This is what I did:

  1. rename trunk to trunk_
  2. create a new folder trunk
  3. Re-checkout and interrupt the process after few files are checked-out
  4. Move the files from trunk_ to trunk
  5. Do svn cleanup
  6. Do svn update. This will update the status of files and then all your files will be versioned.

I also meet this problem in svn diff operation, it was caused by incorrect file path, you should add './' to indicate the current file directory.


facing the same error when trying to checout parts of sources from a large svn project

svn co --depth empty svn://tug.org/texlive/trunk/Build
cd Build
svn update --set-depth infinity --parents ./source/texk/web2c

here the --parents is the key to make it success


svn: The repository at 'svn://repourl/reponame/foldername' has uuid 'm/reponame', but the WC has 'b5b39681-0ff6-784b-ad26-2846b9ea8e7d'

Every subversion repo has a unique identifier (uuid). Subversion uses this to make sure that the repo is actually the same when doing things like switching. You should probably change the uuid on the server to be the same as before.

  • Changing uuid on the server - How to do this ?
    – Vijay Dev
    Dec 17, 2008 at 12:31
  • Honestly, I have no idea, I just assume that it can be done. Have you checked in the Subversion Book says anything about it?
    – JesperE
    Dec 17, 2008 at 19:26

Could it be a working copy format mismatch? It changed between svn 1.4 and 1.5 and newer tools automatically convert the format, but then the older ones no longer work with the converted copy.


You must have deleted a SVN - base file from your project (which are read-only files). Due to this you get this error.

Check out a fresh project again, merge the changes (if any) of your older SVN project with new one using "Winmerge" and commit the changes in your latest check out.


@JesperE mentions that you need to change the uuid. The following should help you achieve this.

On SVN 1.5+, you can do svnadmin setuuid; you can then check that it's been set correctly using svnlook uuid. On earlier versions of SVN, it's a harder process. See http://chestofbooks.com/computers/revision-control/subversion-svn/Managing-Repository-UUIDs-Reposadmin-Maint-Uuids.html

Additionally the UUID of "m/reponame" looks suspicious. I believe it should be a hex-formatted number like the working copy's, so maybe this action will improve things all round :-)

[I originally commented on @JesperE's answer, but created this answer to make it more obvious to people and more helpful for Google. I've since removed my comments. ]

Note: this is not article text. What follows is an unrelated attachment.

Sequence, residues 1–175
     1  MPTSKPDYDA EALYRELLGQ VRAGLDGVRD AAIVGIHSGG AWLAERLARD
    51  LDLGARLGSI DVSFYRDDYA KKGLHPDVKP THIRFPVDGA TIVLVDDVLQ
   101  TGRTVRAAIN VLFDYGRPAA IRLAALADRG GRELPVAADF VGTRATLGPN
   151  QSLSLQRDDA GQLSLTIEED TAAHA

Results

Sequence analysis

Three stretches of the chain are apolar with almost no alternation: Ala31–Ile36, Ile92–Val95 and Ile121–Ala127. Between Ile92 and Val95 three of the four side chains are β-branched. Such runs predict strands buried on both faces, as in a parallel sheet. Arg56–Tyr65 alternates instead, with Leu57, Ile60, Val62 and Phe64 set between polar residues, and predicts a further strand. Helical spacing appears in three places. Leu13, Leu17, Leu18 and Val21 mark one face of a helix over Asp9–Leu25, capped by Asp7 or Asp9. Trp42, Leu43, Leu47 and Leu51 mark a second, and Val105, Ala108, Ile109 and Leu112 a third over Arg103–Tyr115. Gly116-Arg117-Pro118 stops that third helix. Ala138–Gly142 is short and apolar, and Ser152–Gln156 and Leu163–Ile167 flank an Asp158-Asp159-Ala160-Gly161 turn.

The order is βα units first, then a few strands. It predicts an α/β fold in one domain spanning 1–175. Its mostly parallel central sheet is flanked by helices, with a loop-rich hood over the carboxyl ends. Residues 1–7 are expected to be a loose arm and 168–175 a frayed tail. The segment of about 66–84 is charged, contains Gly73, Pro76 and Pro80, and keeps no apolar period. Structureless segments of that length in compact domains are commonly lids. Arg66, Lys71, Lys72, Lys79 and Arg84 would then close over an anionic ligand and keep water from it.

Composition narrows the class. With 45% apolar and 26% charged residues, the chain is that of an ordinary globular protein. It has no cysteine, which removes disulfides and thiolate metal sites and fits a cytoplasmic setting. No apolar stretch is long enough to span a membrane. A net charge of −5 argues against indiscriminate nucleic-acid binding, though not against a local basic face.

Had this same problem, turns out we had Slik 1.6.2 as well as Tortoise on the same machine. Tortoise had been updated (and had updated the working copy) but Slik had not, so Tortoise worked OK, but command lines failed with:

svn: '.' is not a working copy directory

Removing both Tortoise and Slik, then reinstalling Tortoise with command line tools enabled fixed this for me.


for mac :- take checkout from server side and a new window will open to select directory from your local machine than put your all code in selected folder then open svn local side and add and commit the project


Today i have found same issue /FILE_NAME/ is not a working copy in morning and i have spent more then two hours to solve it. After long of RND and Google i found some solution and that is CHECKOUT.

  1. CHECKOUT from SUBVERSION to local as new project.
  2. Change some of code in java file and COMMIT the project.
  3. It's Works for me.

Hope it will helpful for you.


Recently I was using other developers Mac I had the same situation, problem was; first I needed to type get repo path to terminal but I didn't, than it says what is your user name and password.


I just ran into a case where the .svn directory is on a nfs server on a different machine, and the nfs client was not running the file locking service (lockd).

svn: E155007: '/mnt/svnworkdir' is not a working copy

This went away once lockd was started on the nfs client host.

It seems like subversion could come up with a better error message when it has trouble locking files. This was subversion 1.10.0


I made a new checkout from the same project to a different location then copied the .svn folder from it and replaced with my old .svn folder. After that called the svn update function and everything were synced properly up to date.


I had this exact error. I noticed that I was in the wrong directory. Once I reverted to the SVN Trunk directory the issue was resolved.


I saw this error when I was performing mvn release:prepare on my code. In my case, I had migrated the project from SVN to Github, and had cloned the source code from Github. But in my pom.xml file, I missed to update the SCM location from SVN URL to Github URL, which caused the mismatch between the working directories.

Correcting URL to the Github location helped solve it for me.


Delete .svn folder that is present in your local machine. Press windows icon and type .svn, delete the entire folder. It worked for me.